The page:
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Saturday, July 11, 2009

Coaches Q and A: Is Grunting/Screaming Really Necessary?

In this month's Coaches Q & A, we tap the expertise of Andy Brandi and Harold Solomon of the Harold Solomon Tennis Institute in Fort Lauderdale, Florida on a very controversial topic in professional tennis today.

The recent focus on the noise made by Michelle Larcher de Brito, Victoria Azarenka, Maria Sharapova and Serena Williams during competiton came to dominate much of the conversation about women's tennis at Wimbledon. What causes players to adopt this practice, and is there a need for regulation of the volume?

Harold Solomon responds:

For players to hit the ball effectively, they need to let the air out of their bodies during each shot. We teach our players to breathe out when the ball hits the racket. Breathing allows the body to stay loose and flowing during the hitting process, while holding your breath will tend to shorten the swing and produces a much stiffer and mechanical shot.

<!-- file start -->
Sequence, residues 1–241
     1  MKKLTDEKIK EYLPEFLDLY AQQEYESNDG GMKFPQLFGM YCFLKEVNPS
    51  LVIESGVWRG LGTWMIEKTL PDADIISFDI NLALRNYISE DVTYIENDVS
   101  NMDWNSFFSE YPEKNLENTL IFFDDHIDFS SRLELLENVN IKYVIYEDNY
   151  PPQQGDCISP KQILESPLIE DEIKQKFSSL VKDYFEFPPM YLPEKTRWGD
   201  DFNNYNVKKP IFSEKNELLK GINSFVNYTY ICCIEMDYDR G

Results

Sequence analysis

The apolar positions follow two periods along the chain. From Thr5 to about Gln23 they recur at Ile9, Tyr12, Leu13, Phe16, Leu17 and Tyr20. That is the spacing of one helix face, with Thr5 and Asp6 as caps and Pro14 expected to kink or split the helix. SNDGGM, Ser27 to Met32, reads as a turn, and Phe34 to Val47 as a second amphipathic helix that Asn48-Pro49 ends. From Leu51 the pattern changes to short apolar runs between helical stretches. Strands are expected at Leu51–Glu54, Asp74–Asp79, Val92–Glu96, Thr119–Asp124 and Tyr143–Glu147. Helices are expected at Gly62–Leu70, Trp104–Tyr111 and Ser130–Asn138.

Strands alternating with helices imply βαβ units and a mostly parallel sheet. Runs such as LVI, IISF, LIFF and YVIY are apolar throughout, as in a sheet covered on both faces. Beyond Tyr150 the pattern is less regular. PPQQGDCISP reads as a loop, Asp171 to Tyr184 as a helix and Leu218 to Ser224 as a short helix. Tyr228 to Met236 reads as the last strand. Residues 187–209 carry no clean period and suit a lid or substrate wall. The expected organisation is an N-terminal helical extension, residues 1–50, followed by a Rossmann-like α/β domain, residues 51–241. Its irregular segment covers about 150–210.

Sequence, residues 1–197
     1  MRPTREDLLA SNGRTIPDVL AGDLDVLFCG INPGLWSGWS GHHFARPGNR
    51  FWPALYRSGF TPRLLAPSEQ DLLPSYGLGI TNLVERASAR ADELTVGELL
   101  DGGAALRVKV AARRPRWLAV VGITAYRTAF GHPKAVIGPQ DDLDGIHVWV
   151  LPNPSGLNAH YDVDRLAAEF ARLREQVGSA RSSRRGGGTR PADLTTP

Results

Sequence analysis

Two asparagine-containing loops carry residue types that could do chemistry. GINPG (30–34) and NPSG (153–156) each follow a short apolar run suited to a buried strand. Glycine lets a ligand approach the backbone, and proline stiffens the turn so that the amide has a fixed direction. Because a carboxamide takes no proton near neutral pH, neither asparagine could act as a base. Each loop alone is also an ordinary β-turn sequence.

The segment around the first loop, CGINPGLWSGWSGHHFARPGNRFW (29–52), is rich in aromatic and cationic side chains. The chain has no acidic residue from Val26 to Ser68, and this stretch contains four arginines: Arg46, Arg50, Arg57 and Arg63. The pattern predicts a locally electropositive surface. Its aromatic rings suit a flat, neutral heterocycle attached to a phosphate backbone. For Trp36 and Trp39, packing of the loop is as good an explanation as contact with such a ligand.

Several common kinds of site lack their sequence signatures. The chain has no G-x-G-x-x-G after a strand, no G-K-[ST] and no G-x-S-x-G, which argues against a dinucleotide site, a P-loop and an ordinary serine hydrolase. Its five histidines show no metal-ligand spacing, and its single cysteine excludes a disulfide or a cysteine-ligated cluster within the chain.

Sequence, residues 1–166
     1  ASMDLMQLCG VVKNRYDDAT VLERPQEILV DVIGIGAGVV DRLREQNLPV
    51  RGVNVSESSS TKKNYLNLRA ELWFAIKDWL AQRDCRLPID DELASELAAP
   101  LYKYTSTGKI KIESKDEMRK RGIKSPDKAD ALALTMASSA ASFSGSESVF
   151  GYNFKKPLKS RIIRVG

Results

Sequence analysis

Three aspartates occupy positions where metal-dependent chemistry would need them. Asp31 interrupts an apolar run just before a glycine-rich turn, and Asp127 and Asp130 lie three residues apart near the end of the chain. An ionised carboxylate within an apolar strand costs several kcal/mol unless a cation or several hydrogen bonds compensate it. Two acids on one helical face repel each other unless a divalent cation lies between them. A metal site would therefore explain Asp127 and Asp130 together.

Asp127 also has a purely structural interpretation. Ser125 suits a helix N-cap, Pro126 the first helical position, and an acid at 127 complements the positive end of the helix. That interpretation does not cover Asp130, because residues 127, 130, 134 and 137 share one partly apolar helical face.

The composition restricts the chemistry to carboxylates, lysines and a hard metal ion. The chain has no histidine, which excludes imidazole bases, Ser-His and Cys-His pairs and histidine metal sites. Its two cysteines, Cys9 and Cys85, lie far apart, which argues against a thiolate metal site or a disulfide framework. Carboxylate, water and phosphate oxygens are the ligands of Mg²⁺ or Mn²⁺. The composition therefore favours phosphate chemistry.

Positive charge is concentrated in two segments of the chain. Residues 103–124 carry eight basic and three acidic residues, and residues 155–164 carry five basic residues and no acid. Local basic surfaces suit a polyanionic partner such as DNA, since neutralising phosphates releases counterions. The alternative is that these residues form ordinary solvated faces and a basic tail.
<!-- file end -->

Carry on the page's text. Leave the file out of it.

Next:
Many players emit some sort of sound or grunt upon striking the ball, and this is an effective way of assuring that you are breathing correctly on the court. There is no therapeutic reason however for the excessive sounds that some players make, especially on the women’s tour. Rather, the loud grunting has simply become one of the players’ normal routines or habits.

Loud grunting is a major distraction to fans attending the matches and watching on television. It may seem cute to players, parents or coaches when the player is young, but it is definitely not something that is attractive to fans or sponsors. Players need to learn to breathe effectively, but keep from becoming a distraction on the court.

And with the National Clay Courts and Hard Courts coming up, please see Harold and Andy's suggestions from a previous installment on playing in extreme heat.

Do you have a question for Andy or Harold? If so, please send it to clewis[at]zootennis[dot]com with the phrase Coaches Q and A in the subject line. Next month they will answer a question on the benefits of boys and girls playing and training together.